Real estate syndication is a type of investment strategy where multiple investors pool their money together to purchase a real estate asset. The property is then managed by a sponsor, who’s responsible for making sure that it’s well-maintained and profitable. By gathering the financial and intellectual resources of investors and sponsors, real estate syndication allows for the purchase of larger and more expensive real estate assets than would be possible for a single investor. While there are some risks involved in this type of investment strategy, it can be very profitable if done correctly.
For many, investing in real estate is a great strategy for building long-term wealth. Not only does real estate tend to appreciate in value over time, but it also provides a hedge against inflation. And because properties are physical assets, they provide a tangible sense of security that most other investments can’t match. But buying and managing individual properties can be time-consuming and risky. That’s where real estate syndication comes in.
Real estate syndications allow investors to own a property without the hassle of being a landlord. In this guide, you’ll learn everything you need to know about real estate syndication, from how it works to the benefits and risks involved.
How does real estate syndication work?
A real estate syndicate involves a group of investors pooling their money to purchase or develop a real estate property. This type of real estate investment provides an opportunity to invest in large commercial real estate projects that would otherwise be out of reach for most individual investors.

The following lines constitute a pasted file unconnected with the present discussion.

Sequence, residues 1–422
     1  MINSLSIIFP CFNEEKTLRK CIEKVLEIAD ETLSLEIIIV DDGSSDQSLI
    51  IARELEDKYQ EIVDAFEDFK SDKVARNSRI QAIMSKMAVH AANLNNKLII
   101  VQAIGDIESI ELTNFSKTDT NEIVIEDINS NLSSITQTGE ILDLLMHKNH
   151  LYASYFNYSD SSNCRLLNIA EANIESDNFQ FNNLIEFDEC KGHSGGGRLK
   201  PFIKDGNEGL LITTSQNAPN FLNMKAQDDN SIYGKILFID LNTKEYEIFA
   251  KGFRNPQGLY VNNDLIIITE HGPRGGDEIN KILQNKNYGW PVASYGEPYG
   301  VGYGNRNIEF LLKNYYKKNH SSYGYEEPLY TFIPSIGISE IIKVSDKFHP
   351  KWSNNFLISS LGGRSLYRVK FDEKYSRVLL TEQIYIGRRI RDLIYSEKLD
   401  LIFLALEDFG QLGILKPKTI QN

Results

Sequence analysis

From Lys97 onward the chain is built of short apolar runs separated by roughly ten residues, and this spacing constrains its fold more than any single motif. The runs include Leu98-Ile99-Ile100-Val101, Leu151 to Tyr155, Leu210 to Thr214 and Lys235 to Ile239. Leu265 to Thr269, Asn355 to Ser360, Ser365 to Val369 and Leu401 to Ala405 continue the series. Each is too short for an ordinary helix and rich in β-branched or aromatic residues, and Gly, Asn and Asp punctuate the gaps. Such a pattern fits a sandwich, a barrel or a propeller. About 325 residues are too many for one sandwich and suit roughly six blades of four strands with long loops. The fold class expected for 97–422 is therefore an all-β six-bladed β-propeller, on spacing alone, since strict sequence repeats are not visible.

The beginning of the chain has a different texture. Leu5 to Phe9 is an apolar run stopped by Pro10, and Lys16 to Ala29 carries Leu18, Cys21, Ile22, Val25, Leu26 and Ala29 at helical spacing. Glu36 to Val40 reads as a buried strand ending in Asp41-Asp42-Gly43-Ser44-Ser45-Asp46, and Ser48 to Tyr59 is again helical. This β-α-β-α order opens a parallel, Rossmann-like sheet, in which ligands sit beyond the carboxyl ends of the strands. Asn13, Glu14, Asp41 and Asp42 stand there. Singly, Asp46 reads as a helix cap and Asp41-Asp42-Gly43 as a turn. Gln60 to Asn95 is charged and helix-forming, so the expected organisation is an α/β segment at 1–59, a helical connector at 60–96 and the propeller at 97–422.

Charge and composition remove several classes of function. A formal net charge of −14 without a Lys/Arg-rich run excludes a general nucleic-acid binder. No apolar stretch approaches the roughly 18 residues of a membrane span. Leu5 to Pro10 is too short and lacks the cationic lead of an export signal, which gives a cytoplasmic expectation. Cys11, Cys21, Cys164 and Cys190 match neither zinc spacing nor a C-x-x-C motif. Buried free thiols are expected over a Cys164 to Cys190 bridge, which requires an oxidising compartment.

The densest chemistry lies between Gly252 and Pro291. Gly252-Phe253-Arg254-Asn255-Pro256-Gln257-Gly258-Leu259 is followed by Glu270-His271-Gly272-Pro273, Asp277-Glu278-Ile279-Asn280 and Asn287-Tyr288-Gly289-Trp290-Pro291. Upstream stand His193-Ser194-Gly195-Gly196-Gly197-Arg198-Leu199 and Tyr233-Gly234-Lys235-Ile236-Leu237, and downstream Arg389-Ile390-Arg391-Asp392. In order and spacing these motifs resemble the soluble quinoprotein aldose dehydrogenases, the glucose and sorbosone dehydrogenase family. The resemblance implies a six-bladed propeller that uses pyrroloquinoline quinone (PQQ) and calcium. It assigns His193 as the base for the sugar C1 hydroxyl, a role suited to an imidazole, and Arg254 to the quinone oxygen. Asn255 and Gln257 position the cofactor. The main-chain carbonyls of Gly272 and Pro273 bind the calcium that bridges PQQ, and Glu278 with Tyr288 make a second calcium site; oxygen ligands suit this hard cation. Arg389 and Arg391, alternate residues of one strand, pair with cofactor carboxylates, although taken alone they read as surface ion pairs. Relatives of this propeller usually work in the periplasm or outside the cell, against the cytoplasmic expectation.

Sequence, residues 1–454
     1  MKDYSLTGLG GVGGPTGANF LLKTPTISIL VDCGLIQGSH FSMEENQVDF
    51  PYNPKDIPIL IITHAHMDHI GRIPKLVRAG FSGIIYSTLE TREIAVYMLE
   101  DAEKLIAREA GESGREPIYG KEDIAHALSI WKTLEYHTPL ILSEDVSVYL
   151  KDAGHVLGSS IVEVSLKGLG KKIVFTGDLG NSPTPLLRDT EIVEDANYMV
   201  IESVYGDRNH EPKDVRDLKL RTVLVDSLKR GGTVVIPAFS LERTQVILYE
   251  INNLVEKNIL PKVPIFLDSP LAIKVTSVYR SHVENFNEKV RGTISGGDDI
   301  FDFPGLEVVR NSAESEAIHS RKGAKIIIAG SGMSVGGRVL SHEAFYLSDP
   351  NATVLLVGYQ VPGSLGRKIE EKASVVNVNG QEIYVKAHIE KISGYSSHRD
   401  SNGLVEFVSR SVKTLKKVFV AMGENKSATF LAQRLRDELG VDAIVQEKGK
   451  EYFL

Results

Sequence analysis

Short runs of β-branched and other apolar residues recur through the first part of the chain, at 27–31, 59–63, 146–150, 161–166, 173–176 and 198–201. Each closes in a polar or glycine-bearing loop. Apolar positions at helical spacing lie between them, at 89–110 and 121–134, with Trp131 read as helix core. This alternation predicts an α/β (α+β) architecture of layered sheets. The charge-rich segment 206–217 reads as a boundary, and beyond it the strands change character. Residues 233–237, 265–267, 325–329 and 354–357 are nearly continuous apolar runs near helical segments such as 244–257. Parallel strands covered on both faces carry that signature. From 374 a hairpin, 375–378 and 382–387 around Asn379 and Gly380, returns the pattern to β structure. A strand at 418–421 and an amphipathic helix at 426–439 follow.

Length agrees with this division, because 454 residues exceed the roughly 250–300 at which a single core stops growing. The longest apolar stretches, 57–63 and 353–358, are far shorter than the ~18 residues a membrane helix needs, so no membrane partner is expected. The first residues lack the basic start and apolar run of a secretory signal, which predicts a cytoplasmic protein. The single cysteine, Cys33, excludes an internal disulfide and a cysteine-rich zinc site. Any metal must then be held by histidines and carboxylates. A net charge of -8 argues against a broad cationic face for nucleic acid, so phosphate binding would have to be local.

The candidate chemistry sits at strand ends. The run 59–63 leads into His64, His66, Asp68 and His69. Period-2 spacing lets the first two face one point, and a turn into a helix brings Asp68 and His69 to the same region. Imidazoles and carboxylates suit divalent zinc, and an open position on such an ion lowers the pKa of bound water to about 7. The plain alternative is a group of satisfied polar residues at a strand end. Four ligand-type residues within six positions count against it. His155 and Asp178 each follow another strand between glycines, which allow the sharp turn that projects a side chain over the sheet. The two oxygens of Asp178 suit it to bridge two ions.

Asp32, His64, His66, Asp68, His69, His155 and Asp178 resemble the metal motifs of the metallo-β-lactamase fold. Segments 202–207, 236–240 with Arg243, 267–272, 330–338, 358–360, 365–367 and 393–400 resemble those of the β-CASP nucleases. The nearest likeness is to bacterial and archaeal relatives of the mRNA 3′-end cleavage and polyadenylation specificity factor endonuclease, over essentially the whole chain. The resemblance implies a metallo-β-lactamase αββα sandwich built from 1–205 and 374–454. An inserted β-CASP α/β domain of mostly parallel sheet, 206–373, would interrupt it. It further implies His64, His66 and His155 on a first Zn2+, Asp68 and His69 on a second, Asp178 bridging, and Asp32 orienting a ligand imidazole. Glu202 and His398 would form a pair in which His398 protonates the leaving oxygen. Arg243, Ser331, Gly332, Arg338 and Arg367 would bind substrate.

Real estate syndicates are usually managed by a sponsor (also known as a syndicator or general partner), who’s responsible for making capital decisions about the property, hiring contractors, supervising progress, etc. The general partner typically invests their own money in the syndicate and also receives a percentage of the profits.
The remaining profits are distributed to the investors, who are known as limited partners. Investors typically contribute the bulk of the capital for the real estate investment but take a passive role in the deal.
Real estate syndication can be an attractive investment for both general and limited partners. For limited partners, syndication offers the chance to earn high returns without having to manage the property themselves. And for general partners, syndication provides a way to raise the capital needed to purchase larger properties.
The three phases of real estate syndication
Real estate syndication deals typically occur in three stages.
- Origination. The first step of the real estate syndication process is where the sponsor (general partner) identifies investment opportunities, negotiates the property purchase price, and look for real estate investors who are interested in the project. This phase is complete once the passive investors commit and invest their money in the deal.